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A free floating commentary on culture, politics, economics, and religion based on a passionate commitment to the truth and a desire graciously to refute that which is contrary to it….
"He must hold firm to the sure word as taught, so that he may be able to give instruction in sound doctrine and also to confute those who contradict it."
--Titus 1:9, Revised Standard Version
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The Spitzers are the latest in a chain of publicised indiscretions where the wife not only stays put, but stands by her man: from Hillary Clinton to Wendy Vitter and Kathy Lee Gifford.
Public or not, what motivates someone to stay after his or her spouse has an affair?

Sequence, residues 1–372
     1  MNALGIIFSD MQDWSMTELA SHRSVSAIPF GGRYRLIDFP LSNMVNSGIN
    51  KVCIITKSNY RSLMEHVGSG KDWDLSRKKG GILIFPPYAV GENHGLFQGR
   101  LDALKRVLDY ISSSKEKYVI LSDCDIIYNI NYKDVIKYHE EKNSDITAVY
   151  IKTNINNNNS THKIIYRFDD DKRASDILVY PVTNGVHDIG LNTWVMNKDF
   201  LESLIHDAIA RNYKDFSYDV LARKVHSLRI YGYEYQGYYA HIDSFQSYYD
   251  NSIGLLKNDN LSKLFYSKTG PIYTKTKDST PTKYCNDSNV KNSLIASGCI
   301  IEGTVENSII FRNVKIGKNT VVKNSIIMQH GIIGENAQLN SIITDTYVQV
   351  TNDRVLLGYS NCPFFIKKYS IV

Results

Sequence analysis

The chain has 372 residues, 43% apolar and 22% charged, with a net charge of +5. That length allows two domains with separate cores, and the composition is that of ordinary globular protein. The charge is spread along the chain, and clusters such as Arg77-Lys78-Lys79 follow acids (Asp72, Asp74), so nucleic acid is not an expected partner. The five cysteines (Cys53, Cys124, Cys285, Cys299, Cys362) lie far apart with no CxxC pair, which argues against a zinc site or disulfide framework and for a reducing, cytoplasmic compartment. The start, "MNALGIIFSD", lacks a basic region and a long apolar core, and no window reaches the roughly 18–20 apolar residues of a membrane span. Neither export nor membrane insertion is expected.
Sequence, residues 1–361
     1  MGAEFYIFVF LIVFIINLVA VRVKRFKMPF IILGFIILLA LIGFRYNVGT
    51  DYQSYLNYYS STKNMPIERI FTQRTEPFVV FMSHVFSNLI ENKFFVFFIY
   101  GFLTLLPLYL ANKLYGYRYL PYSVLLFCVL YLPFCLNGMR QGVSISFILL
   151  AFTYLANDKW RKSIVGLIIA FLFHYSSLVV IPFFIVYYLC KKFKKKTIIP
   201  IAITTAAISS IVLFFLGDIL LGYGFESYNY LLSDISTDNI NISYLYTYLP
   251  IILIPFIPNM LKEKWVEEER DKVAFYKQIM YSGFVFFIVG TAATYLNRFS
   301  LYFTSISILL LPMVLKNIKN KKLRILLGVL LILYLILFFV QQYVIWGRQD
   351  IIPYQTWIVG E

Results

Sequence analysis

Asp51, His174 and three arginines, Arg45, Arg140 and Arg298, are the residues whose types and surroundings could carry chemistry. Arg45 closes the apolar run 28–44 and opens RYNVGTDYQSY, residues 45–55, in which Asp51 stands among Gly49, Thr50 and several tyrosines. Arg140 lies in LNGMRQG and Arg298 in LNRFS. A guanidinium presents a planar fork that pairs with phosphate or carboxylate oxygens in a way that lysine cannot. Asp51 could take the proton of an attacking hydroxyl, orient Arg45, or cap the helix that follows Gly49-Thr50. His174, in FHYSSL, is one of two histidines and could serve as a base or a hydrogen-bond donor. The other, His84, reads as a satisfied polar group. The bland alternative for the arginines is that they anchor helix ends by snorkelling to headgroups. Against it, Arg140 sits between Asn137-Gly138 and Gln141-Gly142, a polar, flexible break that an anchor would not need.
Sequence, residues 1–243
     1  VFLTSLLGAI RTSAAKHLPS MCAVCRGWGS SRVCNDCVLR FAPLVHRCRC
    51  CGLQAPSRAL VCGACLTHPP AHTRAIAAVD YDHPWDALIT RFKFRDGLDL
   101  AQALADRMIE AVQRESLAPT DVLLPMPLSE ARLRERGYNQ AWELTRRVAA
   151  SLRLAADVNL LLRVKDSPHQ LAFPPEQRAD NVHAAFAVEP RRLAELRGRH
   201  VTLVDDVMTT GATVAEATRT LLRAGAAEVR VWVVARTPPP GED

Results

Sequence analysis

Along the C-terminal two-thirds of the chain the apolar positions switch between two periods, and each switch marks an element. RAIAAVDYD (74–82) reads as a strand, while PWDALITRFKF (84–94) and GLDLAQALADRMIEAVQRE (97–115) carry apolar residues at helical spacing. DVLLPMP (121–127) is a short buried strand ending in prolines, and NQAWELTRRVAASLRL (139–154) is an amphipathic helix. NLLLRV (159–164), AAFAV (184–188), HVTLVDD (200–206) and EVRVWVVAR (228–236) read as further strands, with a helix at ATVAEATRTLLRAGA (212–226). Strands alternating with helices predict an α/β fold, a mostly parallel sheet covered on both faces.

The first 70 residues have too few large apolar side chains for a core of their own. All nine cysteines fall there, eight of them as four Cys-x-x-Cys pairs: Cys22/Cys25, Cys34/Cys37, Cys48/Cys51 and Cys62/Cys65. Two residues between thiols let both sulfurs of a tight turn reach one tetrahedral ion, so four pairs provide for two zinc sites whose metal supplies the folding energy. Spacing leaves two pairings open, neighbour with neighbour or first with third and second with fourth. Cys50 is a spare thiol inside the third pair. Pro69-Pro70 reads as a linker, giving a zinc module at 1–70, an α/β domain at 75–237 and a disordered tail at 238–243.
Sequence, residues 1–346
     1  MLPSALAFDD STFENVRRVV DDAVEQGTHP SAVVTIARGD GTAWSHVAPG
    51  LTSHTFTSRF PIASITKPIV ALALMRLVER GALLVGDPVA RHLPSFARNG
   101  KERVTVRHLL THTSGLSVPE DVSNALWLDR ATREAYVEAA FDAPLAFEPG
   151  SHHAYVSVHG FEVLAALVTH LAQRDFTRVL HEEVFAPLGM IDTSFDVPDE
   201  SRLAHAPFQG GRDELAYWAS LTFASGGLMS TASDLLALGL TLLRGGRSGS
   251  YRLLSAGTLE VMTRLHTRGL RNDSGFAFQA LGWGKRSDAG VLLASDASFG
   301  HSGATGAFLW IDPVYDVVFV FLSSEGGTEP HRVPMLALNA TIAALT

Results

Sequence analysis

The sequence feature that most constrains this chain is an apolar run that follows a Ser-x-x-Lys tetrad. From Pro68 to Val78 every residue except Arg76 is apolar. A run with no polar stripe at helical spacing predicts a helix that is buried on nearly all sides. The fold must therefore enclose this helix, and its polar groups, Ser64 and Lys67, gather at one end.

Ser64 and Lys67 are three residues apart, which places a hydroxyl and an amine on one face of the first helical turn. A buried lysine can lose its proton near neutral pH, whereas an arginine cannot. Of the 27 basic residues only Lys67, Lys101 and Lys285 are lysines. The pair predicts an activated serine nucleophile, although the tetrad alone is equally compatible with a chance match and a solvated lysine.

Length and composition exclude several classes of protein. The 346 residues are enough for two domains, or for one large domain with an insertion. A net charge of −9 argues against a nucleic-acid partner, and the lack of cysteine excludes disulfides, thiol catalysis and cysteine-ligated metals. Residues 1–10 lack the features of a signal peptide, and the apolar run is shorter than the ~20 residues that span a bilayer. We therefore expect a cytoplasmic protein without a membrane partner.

In her 25 years of research and consulting on extramarital affairs, DearPeggy.com's Peggy Vaughan says as much as 70 per cent of people stay in the marriage after infidelity. "Most people think all infidelity ends in divorce, but frequently they (the couple) just keep it quiet," she says.
The common yet judgmental question "Why did she stay?" implies that she shouldn't, Vaughan says. "It's an extra burden for all the women who stay to have to defend themselves to their family and friends. When somebody tells you 'If it were me, I'd ...' you can ignore the rest of the sentence because they aren't you."
She cautions couples from seeking divorce right away. "The people who get out right away second-guess themselves the rest of their lives," says Vaughan, founder of the Beyond Affairs Network and the author of eight books, including The Monogamy Myth.
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